Boris Johnson put himself at odds with David Cameron yesterday as he suggested that children should have two hours of physical exercise every day at school.
London's Mayor, right, fuelled the row over sports provision by calling for a "thorough-going effort" to secure a lasting legacy from London 2012 by getting more young people playing sport.
The Coalition scrapped the previous government's target of two hours' PE a week in schools, arguing that sporting excellence was not produced by "box-ticking".
Asked about the two-hours-a-week target, the Mayor replied: "I would like to see the kind of regime I used to enjoy [at Eton] – compulsory two hours' sport every day … That is the sort of thing that would be wonderful for kids across this country."
Insisting ministers understood the public's renewed sporting appetite, he also suggested Olympic volunteers who had already been vetted to work with children could now help with school sports.
Mr Cameron said yesterday: "It has been a fantastic fortnight. Now we have got to make sure we get a real legacy out of this." He suggested this year's gold-medal winners could become ambassadors for their sports.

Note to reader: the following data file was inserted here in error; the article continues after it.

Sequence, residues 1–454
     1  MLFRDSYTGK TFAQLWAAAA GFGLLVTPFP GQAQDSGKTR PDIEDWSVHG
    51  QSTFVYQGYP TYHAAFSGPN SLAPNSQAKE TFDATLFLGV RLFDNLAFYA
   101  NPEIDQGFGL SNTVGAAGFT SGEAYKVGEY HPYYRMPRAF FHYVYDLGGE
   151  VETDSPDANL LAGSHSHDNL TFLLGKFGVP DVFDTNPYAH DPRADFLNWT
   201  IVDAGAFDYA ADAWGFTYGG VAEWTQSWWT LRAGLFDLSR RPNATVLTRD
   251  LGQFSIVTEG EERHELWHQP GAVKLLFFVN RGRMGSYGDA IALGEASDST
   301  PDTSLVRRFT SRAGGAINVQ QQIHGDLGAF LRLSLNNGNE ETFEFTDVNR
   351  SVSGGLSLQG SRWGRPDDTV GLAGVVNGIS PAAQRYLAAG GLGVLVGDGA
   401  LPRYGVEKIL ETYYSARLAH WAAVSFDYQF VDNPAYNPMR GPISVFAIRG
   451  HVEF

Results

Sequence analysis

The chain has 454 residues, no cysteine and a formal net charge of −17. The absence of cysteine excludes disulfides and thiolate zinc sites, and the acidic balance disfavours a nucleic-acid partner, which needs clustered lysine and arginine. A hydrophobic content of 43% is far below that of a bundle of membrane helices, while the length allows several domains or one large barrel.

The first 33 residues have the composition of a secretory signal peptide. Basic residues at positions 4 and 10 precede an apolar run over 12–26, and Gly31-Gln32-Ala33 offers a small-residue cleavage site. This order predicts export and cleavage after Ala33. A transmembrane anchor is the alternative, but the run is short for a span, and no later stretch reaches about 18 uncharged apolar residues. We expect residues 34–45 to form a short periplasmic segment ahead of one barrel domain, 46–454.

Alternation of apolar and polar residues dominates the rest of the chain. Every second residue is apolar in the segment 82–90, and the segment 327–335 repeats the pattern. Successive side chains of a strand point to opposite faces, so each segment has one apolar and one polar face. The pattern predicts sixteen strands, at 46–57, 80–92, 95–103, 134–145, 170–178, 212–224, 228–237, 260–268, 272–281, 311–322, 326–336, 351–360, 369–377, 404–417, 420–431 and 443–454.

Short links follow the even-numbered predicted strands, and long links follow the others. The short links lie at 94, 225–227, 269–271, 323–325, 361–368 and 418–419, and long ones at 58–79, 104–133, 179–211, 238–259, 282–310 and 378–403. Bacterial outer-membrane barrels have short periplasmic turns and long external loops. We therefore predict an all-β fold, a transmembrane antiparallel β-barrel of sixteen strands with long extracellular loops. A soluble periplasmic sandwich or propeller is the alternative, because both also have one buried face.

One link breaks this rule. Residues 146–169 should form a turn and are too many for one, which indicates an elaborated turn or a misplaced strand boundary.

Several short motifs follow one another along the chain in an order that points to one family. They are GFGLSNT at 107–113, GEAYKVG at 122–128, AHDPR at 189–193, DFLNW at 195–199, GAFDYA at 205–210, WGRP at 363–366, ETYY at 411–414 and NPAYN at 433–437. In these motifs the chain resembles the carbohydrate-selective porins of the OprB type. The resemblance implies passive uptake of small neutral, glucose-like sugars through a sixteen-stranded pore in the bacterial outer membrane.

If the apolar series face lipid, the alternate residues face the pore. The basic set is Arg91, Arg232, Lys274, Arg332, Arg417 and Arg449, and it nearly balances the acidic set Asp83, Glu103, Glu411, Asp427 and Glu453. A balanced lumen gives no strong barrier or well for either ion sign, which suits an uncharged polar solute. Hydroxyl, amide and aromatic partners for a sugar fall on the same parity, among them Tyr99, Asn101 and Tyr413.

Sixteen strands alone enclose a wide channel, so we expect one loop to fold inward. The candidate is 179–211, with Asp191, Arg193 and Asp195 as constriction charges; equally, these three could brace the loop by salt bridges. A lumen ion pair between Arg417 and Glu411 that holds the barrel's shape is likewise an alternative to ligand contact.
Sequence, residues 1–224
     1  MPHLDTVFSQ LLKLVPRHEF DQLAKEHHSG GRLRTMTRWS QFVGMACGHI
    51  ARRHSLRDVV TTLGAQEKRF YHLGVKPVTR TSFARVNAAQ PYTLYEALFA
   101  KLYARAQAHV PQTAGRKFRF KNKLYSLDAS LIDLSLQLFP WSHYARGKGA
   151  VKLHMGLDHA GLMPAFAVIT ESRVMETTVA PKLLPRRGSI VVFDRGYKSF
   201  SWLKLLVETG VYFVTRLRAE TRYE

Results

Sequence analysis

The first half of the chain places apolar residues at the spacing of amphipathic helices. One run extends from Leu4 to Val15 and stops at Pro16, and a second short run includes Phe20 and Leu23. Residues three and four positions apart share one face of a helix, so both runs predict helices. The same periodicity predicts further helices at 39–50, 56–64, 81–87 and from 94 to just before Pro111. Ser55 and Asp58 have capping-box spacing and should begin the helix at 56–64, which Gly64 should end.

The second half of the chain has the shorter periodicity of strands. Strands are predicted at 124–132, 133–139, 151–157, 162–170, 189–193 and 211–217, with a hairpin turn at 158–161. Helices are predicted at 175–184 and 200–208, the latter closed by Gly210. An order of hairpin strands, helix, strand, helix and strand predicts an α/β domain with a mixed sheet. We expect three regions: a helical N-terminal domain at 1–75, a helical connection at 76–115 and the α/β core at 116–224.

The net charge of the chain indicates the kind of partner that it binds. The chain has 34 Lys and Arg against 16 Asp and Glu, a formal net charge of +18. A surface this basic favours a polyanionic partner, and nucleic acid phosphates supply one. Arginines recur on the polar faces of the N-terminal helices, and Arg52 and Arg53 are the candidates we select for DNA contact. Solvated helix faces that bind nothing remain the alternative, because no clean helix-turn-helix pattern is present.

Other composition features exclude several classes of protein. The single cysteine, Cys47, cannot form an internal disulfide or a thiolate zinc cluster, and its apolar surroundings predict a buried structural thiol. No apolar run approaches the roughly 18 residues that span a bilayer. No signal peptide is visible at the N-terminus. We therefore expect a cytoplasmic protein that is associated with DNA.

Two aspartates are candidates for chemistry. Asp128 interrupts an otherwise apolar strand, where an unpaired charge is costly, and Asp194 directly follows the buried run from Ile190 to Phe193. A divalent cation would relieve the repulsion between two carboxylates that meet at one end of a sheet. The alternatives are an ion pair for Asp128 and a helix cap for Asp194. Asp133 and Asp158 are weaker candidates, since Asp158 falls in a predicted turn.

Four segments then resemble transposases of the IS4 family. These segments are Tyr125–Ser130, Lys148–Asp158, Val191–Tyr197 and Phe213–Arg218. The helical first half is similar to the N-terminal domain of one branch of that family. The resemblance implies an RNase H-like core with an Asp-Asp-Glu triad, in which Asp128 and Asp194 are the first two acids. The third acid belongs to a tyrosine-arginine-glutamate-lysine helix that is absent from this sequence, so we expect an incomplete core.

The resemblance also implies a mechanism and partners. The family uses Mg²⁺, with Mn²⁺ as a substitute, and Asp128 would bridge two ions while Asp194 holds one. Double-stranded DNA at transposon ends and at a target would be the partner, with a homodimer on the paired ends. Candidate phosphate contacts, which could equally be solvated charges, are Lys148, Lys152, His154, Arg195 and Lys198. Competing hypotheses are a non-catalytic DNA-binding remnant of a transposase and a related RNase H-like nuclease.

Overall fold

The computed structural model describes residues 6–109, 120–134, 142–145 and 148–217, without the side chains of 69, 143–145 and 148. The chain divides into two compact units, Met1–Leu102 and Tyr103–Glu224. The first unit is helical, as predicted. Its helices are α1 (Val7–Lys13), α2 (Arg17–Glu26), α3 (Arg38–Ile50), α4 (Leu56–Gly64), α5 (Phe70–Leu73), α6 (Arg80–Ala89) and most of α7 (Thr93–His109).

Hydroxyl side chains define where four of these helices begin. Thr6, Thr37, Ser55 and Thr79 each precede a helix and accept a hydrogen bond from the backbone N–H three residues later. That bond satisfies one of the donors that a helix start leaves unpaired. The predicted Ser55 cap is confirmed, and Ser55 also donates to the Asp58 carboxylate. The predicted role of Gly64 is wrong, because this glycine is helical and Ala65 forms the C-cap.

Ministers have been on the defensive on the funding both of élite sports and of schools sports. They are drawing up plans to boost participation and ensure Britain is strongly positioned to defend its record medal haul at the next Games.
Olympians, including the cyclists Sir Chris Hoy and Laura Trott and the shooting champion Peter Wilson have warned the nation's successes will be reversed if funding is cut back.
Jeremy Hunt, the Culture Secretary, said: "We've learnt that targets don't always get you the results you want. It isn't just about targets – it's about culture, it's about empowering teachers, and getting an ethos inside schools, and it's about an understanding of the role of team sport, and the values that can give to young people."
Tessa Jowell, the shadow Olympics minister, called for a 10-year plan. She said: "We have got to make sure that the money continues."
- More about:
- Greater London Authority